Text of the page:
Wednesday, 05 February 2014 15:07

Top German chefs light fire under NZ lamb promotion

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WHEN FARMERS raced Michelin four-star chefs to create the best barbecue lamb dish, the results were mouthwatering. 


The New Zealand Lamb BBQ Masterchef contest  was held at Rob Buddo’s farm, Poukawa, Hawke’s Bay on January 29.

Judges were Black Barn Bistro chef Terry Lowe, Progressive Meats managing director Craig Hickson, Beef + Lamb NZ chief executive Scott Champion and gourmet BBQ chef Raymond van Rijk.

The winning team was Angus Irvine and Sam Morrah, of Central Hawke’s Bay, guided by chef Markus Philippi prompting diners’ satisfaction.

That’s the response B+LNZ hopes to see among diners in Germany, promoted by the tour they organized for the four Michelin-recognised German chefs.

Their tour included a visit to a large Maori farm, a processing plant and farm that supplies the German market and a meeting with other top chefs in New Zealand.

B+LNZ emerging markets manager Nick Beeby said, “It’s to create a story behind NZ Lamb, so when these guys go home they can talk about their experiences to other top chefs in Germany and explain to their customers why our product is so special; they can relate the passion we have as farmers.”

B+LNZ wanted to impart ‘pride in our produce’, ‘care of the land’ and ‘understanding the people who work and are part of the land’.

Chef Martin Scharff said, “You have an excellent product but I didn’t realise what natural conditions your lambs are grown in. It is important we see it directly so we can pass it on. What you have is inspiring.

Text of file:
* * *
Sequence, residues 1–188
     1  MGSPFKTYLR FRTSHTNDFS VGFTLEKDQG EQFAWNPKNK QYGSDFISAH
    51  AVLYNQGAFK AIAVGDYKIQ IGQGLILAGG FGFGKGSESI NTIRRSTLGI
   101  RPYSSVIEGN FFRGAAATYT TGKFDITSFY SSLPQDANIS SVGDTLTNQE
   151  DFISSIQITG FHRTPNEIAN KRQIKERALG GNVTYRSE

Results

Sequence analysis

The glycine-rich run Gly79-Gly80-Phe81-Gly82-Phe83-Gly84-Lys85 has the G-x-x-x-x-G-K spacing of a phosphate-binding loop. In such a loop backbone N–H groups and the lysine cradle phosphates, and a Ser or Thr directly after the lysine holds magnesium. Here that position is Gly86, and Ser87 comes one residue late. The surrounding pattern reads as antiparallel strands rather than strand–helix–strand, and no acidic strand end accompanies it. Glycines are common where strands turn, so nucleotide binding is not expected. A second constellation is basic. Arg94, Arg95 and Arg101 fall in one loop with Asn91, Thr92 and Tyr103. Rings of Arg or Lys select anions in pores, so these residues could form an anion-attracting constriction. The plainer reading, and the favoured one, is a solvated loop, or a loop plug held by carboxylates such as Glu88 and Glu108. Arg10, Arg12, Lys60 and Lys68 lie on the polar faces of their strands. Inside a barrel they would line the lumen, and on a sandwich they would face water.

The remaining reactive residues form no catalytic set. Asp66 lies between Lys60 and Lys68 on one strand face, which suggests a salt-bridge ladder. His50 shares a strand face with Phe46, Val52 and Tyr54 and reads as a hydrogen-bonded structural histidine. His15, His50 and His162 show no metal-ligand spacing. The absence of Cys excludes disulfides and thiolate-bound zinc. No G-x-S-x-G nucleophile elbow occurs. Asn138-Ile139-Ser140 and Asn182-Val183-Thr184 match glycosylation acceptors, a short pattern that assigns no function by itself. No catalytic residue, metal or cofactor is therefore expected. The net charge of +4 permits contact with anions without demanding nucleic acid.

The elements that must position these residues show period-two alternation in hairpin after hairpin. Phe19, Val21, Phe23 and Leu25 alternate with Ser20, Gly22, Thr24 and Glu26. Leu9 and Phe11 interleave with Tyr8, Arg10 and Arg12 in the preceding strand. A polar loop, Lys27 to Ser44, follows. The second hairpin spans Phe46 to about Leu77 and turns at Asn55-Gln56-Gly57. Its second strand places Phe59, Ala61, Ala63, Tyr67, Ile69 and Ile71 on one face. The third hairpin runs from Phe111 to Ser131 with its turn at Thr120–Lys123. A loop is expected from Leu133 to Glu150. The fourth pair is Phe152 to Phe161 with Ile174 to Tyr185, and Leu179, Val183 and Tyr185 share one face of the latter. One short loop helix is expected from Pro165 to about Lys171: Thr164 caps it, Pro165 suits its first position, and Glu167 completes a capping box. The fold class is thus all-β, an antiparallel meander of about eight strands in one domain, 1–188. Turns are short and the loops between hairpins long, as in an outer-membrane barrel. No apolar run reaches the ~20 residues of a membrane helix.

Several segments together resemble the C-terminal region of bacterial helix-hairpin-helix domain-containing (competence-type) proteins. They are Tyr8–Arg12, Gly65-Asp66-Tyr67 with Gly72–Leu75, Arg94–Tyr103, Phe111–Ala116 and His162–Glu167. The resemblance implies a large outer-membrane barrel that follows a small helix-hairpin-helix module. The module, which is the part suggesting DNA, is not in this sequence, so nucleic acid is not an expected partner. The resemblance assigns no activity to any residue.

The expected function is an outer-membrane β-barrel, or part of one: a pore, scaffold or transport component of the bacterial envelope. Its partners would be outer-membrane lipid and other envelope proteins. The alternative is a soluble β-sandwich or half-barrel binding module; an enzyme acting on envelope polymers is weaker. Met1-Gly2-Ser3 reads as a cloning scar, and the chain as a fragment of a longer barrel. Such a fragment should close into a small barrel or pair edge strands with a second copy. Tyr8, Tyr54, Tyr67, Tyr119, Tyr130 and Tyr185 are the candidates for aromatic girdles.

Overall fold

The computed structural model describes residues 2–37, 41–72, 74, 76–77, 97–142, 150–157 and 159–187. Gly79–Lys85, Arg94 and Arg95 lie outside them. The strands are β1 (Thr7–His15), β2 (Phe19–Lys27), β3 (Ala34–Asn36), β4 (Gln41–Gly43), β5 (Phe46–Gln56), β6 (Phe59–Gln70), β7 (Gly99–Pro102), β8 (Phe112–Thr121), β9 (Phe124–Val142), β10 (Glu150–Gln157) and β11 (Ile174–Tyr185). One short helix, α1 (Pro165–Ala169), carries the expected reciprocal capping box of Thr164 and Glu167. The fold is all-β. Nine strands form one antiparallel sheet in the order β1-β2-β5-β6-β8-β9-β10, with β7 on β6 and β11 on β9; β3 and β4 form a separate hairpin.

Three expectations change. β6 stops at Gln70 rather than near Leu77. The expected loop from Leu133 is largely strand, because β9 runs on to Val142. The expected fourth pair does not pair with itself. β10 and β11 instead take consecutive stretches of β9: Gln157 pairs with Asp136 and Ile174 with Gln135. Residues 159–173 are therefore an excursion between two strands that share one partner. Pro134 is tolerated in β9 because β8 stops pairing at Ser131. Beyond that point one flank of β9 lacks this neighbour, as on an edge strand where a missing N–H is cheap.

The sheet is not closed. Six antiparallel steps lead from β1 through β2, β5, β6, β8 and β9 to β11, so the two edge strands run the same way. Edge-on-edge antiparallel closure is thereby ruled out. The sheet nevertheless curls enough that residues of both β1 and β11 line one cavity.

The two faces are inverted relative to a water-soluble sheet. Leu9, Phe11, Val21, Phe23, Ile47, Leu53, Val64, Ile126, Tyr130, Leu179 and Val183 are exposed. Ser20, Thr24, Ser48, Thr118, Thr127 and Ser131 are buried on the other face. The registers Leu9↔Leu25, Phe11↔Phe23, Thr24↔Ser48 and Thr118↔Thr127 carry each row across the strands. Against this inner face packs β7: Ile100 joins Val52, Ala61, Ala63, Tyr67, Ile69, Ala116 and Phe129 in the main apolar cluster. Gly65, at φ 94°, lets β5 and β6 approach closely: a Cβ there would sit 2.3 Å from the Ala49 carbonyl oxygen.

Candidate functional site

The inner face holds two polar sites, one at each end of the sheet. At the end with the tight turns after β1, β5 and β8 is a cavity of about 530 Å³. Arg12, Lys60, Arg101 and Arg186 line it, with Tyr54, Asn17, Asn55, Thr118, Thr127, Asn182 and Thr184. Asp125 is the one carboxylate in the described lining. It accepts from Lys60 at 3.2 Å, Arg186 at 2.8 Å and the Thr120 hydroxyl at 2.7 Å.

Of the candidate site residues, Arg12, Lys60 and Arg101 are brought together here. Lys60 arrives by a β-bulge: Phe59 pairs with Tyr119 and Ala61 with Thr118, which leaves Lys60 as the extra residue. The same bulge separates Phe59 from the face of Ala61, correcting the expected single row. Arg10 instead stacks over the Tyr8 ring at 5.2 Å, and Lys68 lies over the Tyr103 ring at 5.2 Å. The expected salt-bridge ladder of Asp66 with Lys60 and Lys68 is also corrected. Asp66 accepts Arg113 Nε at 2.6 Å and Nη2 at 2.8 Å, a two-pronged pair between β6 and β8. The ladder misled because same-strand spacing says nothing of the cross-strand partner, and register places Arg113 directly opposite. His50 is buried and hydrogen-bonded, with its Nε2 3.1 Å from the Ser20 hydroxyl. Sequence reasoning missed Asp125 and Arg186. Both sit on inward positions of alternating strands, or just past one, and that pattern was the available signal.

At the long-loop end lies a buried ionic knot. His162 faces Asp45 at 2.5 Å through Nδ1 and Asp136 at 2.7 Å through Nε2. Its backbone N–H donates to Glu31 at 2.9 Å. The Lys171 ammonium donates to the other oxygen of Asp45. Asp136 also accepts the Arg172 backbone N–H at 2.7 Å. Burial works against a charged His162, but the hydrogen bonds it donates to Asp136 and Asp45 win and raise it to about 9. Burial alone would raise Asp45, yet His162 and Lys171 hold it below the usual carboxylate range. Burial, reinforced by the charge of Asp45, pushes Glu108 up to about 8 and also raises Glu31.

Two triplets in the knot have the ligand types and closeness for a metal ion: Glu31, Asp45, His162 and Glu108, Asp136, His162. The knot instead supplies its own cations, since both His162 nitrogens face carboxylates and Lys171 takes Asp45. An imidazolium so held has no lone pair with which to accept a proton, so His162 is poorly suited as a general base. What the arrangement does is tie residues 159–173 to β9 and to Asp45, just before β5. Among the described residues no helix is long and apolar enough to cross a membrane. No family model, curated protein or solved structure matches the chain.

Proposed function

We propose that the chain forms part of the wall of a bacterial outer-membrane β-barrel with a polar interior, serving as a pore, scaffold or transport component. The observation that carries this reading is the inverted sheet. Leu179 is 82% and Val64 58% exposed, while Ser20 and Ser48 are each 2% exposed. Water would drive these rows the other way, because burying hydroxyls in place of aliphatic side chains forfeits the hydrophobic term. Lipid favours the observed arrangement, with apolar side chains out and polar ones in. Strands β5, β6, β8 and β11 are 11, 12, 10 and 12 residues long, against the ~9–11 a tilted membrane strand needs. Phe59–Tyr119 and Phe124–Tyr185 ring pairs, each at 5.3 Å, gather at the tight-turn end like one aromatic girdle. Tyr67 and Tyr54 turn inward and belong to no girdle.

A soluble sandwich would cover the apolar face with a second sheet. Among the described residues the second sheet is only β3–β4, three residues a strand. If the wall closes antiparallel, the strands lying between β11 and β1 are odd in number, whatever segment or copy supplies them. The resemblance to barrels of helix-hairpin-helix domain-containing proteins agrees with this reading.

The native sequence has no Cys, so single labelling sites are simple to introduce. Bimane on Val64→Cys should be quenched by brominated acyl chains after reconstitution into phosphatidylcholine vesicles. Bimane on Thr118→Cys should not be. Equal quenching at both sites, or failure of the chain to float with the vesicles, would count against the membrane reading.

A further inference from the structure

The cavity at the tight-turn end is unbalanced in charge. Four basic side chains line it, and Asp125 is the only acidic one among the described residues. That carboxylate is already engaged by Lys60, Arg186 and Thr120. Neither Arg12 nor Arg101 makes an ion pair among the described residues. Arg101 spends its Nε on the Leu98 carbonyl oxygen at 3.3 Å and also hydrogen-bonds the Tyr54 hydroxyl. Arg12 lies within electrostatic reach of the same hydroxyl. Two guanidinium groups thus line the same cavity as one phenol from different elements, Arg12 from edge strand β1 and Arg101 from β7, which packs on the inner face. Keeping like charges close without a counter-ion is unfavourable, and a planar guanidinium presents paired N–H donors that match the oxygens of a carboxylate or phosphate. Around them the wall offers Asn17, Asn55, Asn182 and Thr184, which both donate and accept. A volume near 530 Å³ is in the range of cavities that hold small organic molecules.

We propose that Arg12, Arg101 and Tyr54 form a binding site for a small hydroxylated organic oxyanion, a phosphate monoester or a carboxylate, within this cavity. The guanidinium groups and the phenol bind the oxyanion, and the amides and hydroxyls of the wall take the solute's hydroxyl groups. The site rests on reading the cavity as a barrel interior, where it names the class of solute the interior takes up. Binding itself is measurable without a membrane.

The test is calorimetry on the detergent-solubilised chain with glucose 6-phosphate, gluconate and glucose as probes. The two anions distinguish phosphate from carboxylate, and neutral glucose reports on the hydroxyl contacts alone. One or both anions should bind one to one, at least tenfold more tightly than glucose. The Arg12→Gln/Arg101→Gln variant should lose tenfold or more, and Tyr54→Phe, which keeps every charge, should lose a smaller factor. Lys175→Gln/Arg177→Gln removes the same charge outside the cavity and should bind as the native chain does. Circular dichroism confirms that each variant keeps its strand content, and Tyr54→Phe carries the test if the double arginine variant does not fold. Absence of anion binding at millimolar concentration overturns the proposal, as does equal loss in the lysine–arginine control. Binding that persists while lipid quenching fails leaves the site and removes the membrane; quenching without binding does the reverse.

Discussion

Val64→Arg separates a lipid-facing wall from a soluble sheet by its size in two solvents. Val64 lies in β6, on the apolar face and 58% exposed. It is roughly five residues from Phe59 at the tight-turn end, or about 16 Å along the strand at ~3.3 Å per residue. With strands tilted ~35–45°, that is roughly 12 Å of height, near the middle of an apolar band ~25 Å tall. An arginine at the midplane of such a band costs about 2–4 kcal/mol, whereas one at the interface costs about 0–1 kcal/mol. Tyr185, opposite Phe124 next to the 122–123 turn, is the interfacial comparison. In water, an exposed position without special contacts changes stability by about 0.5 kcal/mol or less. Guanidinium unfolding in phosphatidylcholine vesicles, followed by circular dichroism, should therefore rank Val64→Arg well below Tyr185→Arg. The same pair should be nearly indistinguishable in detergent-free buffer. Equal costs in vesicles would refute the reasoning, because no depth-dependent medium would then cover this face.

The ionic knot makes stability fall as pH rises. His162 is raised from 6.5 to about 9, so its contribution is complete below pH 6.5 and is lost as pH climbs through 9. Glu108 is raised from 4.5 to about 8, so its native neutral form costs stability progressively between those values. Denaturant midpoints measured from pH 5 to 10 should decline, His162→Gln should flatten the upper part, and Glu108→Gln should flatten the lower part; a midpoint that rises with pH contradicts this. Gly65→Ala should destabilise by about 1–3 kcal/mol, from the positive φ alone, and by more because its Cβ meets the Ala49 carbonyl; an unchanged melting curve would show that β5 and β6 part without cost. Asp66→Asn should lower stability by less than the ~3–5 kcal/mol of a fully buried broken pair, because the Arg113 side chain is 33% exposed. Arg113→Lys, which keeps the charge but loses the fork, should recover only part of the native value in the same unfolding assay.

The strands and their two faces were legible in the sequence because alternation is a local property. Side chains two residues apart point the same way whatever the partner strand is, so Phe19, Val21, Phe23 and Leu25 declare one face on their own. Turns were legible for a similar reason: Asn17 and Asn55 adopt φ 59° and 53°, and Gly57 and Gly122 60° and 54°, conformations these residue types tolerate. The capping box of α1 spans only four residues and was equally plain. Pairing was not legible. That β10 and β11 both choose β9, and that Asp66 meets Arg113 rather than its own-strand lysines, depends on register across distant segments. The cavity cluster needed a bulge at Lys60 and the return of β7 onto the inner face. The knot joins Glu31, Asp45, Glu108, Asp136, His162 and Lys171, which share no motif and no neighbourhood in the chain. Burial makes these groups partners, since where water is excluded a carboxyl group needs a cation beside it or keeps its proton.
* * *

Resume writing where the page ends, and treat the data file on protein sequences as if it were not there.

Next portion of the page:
“It has been great to see the culture and the people and learn more about the food that comes from New Zealand.”

Chef Christian Mittermeier, also an hotelier, (Villa Mittermeier) and a writer for national weekly newspaper Die Zeit, was familiar with NZ lamb and praised it for its consistency, “It always has an excellent taste and texture.”

However, he said, people in his country ate lamb mostly from Germany and France. 

“The consumer likes to know where their food comes from and wants to be able to trust the producer.”

He was impressed at how big New Zealand farms were compared to those in Germany and the level of cooperation between farmers. “This system is better because it leads to success.”

B+LNZ hopes the chefs will be impressed and inspired by conditions NZ lamb is grown in and promote this message at home.

While the promotion of NZ lamb in Germany is progressing well, increased competition from Welsh, Irish and English producers is a continuing challenge. On-going promotion is needed to maintain New Zealand’s dominant market position and preferred-supplier status in Germany, BL+NZ says.

It is boosting promotion of NZ lamb in German stores by shopper tastings, and via social media and public relations.

The initiatives are timely in premium markets, says Mark Harris, B+LNZ extension manager, eastern North Island. “Now that more of our lamb is going into Asia, especially China, the competitiveness for NZ lamb is getting higher. This is good for us as farmers and should push the price up.”


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